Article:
Some 40 Catholic bishops from various dioceses in Mexico are attending an "intensive" excorism seminar this week at the Pontifical University of Mexico, according to university rector Mario Flores Angel Ramos.
The bishops will be trained in how to perform exorcisms, which are "a reality in our society and it should be addressed from a biblical, theologic perspective with psychiatric aspects," according to Ramos.
Italian Bishop Sante Babolin, who is leading the training along with a theologian and a psychiatrist, said he has conducted 1,650 exorcisms on 150 people (each case demands a series of exorcisms). He has succeeded 50 times, he said.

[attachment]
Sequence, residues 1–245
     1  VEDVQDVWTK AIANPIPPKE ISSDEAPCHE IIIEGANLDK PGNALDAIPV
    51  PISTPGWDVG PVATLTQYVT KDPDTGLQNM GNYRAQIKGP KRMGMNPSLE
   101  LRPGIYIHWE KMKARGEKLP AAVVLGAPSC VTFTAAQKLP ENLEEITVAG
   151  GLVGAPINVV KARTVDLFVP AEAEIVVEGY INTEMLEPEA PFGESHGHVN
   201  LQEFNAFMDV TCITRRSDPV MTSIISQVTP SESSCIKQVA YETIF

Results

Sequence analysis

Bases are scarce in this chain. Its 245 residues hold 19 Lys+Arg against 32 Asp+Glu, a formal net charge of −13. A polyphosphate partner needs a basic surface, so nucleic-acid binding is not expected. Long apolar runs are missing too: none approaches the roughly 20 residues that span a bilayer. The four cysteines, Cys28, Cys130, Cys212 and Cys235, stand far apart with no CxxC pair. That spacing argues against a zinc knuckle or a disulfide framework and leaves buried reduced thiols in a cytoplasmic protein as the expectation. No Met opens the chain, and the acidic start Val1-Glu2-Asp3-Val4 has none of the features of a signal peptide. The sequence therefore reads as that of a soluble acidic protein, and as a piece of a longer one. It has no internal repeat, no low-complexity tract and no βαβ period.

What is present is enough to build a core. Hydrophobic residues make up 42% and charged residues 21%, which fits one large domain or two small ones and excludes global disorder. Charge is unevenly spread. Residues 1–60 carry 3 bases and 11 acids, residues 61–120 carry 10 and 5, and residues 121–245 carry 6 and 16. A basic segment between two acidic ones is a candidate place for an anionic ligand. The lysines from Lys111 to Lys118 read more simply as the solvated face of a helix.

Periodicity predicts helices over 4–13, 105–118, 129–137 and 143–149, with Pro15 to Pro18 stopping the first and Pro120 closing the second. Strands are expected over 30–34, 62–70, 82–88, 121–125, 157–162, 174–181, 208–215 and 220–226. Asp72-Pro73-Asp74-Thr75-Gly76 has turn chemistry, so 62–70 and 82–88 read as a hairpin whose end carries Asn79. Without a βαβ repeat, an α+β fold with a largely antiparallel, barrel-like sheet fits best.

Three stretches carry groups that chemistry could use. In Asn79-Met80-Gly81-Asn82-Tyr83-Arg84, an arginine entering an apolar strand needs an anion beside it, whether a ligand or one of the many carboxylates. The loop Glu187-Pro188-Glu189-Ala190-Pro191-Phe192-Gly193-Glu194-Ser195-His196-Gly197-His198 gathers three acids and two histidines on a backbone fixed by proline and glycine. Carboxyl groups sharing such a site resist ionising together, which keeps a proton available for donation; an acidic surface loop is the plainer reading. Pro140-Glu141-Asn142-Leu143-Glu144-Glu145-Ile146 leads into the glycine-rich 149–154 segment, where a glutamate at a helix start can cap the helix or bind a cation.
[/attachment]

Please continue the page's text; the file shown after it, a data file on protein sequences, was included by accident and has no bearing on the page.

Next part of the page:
Exorcisms, the cleansing of demons from a person or area, are ancient parts of several religions. In Catholicism, exorcisms are church-sanctioned — though rarely talked about — rituals done in the name of Jesus Christ.
Mexico has been described recently in the press as a country where exorcisms are on the rise. But Babolin said not everyone who thinks they need an exorcism really does.
"Of every 100 people who believe they need an exorcism, only 2.4 percent are found to be authentic cases," he said. "The rest are just bothered souls."
Pope Francis drew headlines not long ago for being caught on tape performing what many called an exorcism (the Vatican later denied such claims), and earlier this week, the Vatican endorsed the International Association of Exorcists, which has 250 members from 30 countries.